Chapter 19 stepper motors
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Chapter 19: Stepper Motors. Introduction. Stepper motors are special motors that are used when motion and position have to be precisely controlled. Stepper motor operates in discrete steps.

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Chapter 19 stepper motors

Chapter 19:Stepper Motors

Electro Mechanical System


  • Stepper motors are special motors that are used when motion and position have to be precisely controlled.

  • Stepper motor operates in discrete steps.

  • Depending on the design the stepper motor can be advanced by 90o, 45o, 18o or as little as fraction of a degree per pulse.

  • Stepper motor can turn clockwise or counter-clockwise, depending on the sequence of pulses that are applied to the windings.

  • The pulses are counted and stored , clockwise pulses cw (+) and counter-clockwise ccw (-).

  • As a result the net number of steps are known all the times.

Electro Mechanical System

Elementary stepper motor

  • Simple stepper motor consists of stator having three salient poles and a two poles rotor. The windings can be connected to a dc power supply with the help of three switches A,B,C.

  • When switches are open the rotor can take up any position.

  • However when switch A is closed, the resulting magnetic field created by pole 1 will attract the rotor and it will line up.

  • Open switch A and simultaneously close switch B, the rotor will rotate 60o cw and will line up with pole 2. Open B and close C, the rotor will rotate 60o cw and will line up with pole 3.

Electro Mechanical System

Elementary stepper motor

  • We can make the rotor advance 60o ccw by closing and opening the switches in the sequence A,B,C,A,B,C……. and reverse the direction with sequence A,C,B,A,C…….

  • In order to fix the final position of the rotor, the last switch must remain closed.

  • The motor will remain locked in this state, provided external torque applied does not exceed the holding torque.

Electro Mechanical System

Effect of Inertia

  • The motor operates at no load, at the moment switch A is opened and B is closed, the motor will accelerating towards pole 2. It rapidly picks up speed and soon reaches center of pole 2, where it should come to rest.

  • Since the motor is running at considerable speed and it will overshoot the center line.

  • As soon as it pass pole 2, the field of pole 2 will pull it in the opposite direction, thereby braking the rotor. The rotor will come to halt and start moving in the opposite direction.

  • The rotor will therefore oscillate like a pendulum around the center of pole 2.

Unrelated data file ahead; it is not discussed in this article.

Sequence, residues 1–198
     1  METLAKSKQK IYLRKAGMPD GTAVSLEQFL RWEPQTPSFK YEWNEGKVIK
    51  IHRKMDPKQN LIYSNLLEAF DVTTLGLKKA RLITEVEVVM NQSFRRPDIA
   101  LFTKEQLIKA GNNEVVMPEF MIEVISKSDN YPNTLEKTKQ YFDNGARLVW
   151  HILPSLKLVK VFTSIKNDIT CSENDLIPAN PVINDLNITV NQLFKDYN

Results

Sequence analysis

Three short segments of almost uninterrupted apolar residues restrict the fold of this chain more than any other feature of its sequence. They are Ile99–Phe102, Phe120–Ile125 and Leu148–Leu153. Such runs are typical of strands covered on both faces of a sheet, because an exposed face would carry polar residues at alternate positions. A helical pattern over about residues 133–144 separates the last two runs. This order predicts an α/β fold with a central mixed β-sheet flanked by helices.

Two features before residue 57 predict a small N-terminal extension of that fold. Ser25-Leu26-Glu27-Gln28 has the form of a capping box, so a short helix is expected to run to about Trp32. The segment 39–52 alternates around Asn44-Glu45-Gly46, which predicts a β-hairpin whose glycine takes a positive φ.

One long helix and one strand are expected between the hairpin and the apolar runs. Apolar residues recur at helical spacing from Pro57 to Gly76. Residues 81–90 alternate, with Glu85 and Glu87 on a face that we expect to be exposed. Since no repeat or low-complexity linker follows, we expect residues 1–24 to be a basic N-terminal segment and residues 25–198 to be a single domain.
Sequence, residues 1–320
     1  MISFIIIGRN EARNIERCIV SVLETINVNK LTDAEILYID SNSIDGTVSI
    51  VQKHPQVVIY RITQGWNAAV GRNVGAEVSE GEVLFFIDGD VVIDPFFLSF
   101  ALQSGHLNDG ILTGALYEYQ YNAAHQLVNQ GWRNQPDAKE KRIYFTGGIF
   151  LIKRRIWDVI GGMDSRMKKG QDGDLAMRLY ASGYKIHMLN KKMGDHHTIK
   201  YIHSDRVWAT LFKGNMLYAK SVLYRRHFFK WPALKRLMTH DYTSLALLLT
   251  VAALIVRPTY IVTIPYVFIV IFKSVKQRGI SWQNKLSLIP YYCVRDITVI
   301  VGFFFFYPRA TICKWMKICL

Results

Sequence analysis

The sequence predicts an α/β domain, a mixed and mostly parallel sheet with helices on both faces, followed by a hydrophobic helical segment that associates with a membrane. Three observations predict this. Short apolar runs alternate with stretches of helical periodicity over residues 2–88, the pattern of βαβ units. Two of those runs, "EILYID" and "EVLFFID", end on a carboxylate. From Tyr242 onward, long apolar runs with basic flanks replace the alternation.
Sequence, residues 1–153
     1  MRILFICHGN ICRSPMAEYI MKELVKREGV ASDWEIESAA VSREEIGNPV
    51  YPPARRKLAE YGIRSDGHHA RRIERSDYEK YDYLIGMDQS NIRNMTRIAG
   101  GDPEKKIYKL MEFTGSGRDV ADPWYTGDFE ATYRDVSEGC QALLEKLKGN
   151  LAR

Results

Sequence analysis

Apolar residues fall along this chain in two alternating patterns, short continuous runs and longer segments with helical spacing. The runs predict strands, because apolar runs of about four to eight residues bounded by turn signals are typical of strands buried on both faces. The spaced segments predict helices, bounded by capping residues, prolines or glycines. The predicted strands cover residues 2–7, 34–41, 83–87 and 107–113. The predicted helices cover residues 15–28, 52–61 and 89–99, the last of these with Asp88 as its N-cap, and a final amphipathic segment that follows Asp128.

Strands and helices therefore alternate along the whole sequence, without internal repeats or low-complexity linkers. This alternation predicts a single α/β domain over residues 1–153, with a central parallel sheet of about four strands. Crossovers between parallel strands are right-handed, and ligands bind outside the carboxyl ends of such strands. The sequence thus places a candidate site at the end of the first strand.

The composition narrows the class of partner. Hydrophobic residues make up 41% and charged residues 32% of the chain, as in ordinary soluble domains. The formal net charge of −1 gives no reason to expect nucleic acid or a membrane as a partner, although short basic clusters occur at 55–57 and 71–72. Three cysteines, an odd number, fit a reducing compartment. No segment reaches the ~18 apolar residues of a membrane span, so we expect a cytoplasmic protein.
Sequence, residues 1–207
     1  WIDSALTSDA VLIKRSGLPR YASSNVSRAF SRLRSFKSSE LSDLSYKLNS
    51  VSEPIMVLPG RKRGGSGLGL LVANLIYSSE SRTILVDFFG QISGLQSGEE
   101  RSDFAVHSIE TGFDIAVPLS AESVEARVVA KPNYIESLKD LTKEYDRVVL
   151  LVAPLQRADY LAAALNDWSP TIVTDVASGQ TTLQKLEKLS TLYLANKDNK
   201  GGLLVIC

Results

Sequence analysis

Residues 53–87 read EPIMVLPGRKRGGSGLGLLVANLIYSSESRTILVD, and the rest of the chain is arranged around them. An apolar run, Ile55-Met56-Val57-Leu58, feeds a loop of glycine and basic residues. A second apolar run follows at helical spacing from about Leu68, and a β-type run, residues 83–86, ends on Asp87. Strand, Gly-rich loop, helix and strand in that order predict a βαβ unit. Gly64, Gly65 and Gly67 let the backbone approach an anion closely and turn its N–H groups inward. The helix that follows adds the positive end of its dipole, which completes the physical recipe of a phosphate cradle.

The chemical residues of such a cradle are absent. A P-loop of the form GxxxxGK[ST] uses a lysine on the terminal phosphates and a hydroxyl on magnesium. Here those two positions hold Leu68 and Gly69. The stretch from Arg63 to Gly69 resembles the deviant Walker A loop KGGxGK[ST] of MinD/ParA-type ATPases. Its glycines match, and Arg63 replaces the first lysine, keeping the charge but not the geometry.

• The oscillation will gradually die out due to frictions.

Electro Mechanical System

Effect of Inertia

  • Following diagram shows the angular position of the rotor as a function of time. The rotor starts at 0o (Center of pole 1) and reaches 60o (Center of pole 2) after 2 ms. It overshoots center line by 30o before coming to halt at 3 ms. The rotor now moves in the reverse and crosses the center line again at 4 ms.

  • The oscillation will gradually stop when t > 10ms.

  • The speed is momentarily zero at t = 3ms, 5ms, 7ms and becomes permanently zero at t >10ms.

Electro Mechanical System

Effect of Inertia

  • Without making any other changes if we increase the inertia, by mounting flywheel on the shaft.

  • We discover that both oscillation and amplitude increases with increase in inertia. The rotor also takes more time 20 ms instead on 10 ms to settle down.

Electro Mechanical System

Effect of Inertia

  • The oscillation can be damped by increasing the friction. For example if we increase the bearing friction, the oscillation can be suppressed.

  • In practice we usually use viscous fluid such as oil, it is also known as viscous damper.

Electro Mechanical System

Effect of mechanical load

  • Let the rotor is coupled to mechanical load. Will take longer for to attain 60o position from 4ms instead of 2 ms without load.

  • The overshoot is smaller and the oscillations are damped quickly.

  • Both mechanical load and inertia increase the stepping time.

  • For faster stepping response, the inertia of the motor and its load should be kept as small as possible and the oscillation should be damped using a viscous damper.

  • The time can also be reduced by increasing the current in the winding. However there is limitation to increase in current.

Electro Mechanical System

Torque versus speed curve

  • The torque developed by the stepper motr depends upon the current.

  • Graph shows relationship between torque and current in a typical stepper motor.

  • At a rated pulse current of 8 A, the motor develops a torque of 3 N.m.

  • This is the torque that the motor can exert while moving from one position to another.

  • It is called pull-over torque.

Electro Mechanical System

Start-Stop stepping rate

  • In star-stop fashion, there is upper limit to a stepping rate

  • For too fast pulse rate, motor is unable to follow & will loose steps

  • For synchronism, the rotor must settle before advancing

  • Interval between two steps is at lease 6 ms, so the stepping rate is limited to a 1000/6 = 167 steps per second (sps)

  • We also know that higher the load and greater the inertia, the lower will be the allowable number of steps per second

  • The start-stop stepping mode is also called start without error mode

Electro Mechanical System